September: Denver houses on market longer, with slight price drop
Rising mortgage rates are bringing a little fall chill to home sales in the Denver metro area.
The Denver Metro Association of Realtors September report indicates Denver’s housing market is slowing, with homes staying on the market longer.
But prices aren’t dropping significantly and making mortgages more expensive keeps some buyers and sellers on the sidelines.
The September Denver Metro Association of Realtors’ market trends report shows that inventory increased by 93.5% compared to September 2021, and pending sales dropped 27.9%.
And although the median sales price was 9.4% higher than in September 2021, at $580,000, it’s down from May’s high of $615,000.
Houses are staying on the market longer (with homes selling in 26 days compared to 13 days in September 2021), and buyers aren’t getting thousands of dollars over the list price anymore. In September, homes sold for 98.9% of the list price compared with 101.9% in September 2021.
Experts say the market is finally correcting after years of unprecedented growth.
According to a study from Point2Homes, Denver homeowners enjoyed an average daily gain of $94 in home value from 2011 to 2021, when the average home price jumped from $231,400 to $607,100. The study didn’t cover the first half of 2022, when prices soared even faster.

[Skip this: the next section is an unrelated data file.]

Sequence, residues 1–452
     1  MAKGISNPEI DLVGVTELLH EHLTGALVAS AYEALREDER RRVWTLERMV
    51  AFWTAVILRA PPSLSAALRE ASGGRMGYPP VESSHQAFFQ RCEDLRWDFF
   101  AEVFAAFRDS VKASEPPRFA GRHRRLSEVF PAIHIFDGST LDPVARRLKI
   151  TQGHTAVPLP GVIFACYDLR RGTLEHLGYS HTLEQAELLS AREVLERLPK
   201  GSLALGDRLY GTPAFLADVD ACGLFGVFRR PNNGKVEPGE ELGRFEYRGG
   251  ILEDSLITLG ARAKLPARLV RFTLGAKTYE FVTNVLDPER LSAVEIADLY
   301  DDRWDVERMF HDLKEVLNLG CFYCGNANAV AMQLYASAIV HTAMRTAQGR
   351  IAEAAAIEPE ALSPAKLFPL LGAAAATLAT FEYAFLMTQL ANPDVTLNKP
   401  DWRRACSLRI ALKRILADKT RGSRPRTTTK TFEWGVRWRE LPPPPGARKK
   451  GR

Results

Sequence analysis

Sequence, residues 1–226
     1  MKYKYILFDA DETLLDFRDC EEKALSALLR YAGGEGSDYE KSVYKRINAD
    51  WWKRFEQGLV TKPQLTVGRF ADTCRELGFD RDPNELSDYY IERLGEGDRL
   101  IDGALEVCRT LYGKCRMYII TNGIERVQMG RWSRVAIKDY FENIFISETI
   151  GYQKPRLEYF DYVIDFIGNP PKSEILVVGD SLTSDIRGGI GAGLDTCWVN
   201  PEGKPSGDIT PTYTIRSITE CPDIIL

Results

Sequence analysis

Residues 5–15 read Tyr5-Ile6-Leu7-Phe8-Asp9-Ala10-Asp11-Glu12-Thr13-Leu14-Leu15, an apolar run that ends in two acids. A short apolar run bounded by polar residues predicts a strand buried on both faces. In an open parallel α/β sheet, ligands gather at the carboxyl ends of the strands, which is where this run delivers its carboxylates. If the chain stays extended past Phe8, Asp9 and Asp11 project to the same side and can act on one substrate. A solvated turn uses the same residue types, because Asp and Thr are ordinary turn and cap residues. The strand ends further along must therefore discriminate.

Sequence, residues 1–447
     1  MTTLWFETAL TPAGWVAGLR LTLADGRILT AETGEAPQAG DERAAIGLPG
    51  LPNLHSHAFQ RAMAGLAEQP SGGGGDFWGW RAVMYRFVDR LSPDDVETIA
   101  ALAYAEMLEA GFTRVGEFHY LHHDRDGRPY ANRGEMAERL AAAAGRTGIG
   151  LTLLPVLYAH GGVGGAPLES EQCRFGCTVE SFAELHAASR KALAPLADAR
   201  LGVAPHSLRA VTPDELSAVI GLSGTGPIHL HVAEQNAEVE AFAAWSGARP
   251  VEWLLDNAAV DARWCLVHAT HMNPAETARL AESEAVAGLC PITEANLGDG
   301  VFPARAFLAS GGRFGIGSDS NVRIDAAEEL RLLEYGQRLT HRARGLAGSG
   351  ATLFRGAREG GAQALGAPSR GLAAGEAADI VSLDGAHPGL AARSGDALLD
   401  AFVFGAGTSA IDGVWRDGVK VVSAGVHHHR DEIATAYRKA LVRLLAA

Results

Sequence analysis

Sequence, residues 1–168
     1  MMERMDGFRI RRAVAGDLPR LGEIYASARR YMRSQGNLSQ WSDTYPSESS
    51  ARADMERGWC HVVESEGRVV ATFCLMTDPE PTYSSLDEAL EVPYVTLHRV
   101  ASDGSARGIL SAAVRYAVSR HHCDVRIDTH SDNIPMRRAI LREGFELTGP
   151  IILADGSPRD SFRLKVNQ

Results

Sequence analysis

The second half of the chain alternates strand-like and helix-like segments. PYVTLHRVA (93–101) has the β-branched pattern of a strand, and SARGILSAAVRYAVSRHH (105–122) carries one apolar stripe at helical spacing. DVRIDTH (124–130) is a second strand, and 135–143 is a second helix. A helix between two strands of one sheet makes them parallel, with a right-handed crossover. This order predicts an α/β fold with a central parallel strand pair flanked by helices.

Point2Homes studied home price gains across 187 metros between 2011 and 2021 and ranked Boulder and Denver in the top 10 for daily gains.
The continued price increases make housing unaffordable for many Coloradans.
A new report from CSU’s Colorado Futures Center shows housing prices would need to drop an average of 32% to reach a price affordable to the median family income.
“As you can see from the report, it would take pretty considerable drops in values in order for us to get to a level of ‘affordability’ that the state enjoyed back in 2015,” Phyllis Resnick, the center’s lead economist and executive director, tells the Colorado Sun.
“I use that word in air quotes because I don’t think people thought 2015 was a terribly affordable era. But in retrospect, it actually was because interest rates were almost historically low and the run-up in prices hadn’t happened yet.”
Moving toward balance
Statewide, Colorado’s still in a seller’s market with about two months of inventory available. A balanced market has a three- to six-month supply.
Libby Levinson-Katz, chair of DMAR’s market trends committee, says Denver’s market hasn’t experienced balance for more than 16 years.
“The market is entering a period of neutrality where the bullish ways of extreme markets make way for a stage of compromise, with buyers and sellers working together for a win-win experience.”
The news and editorial staffs of The Denver Post had no role in this post’s preparation.
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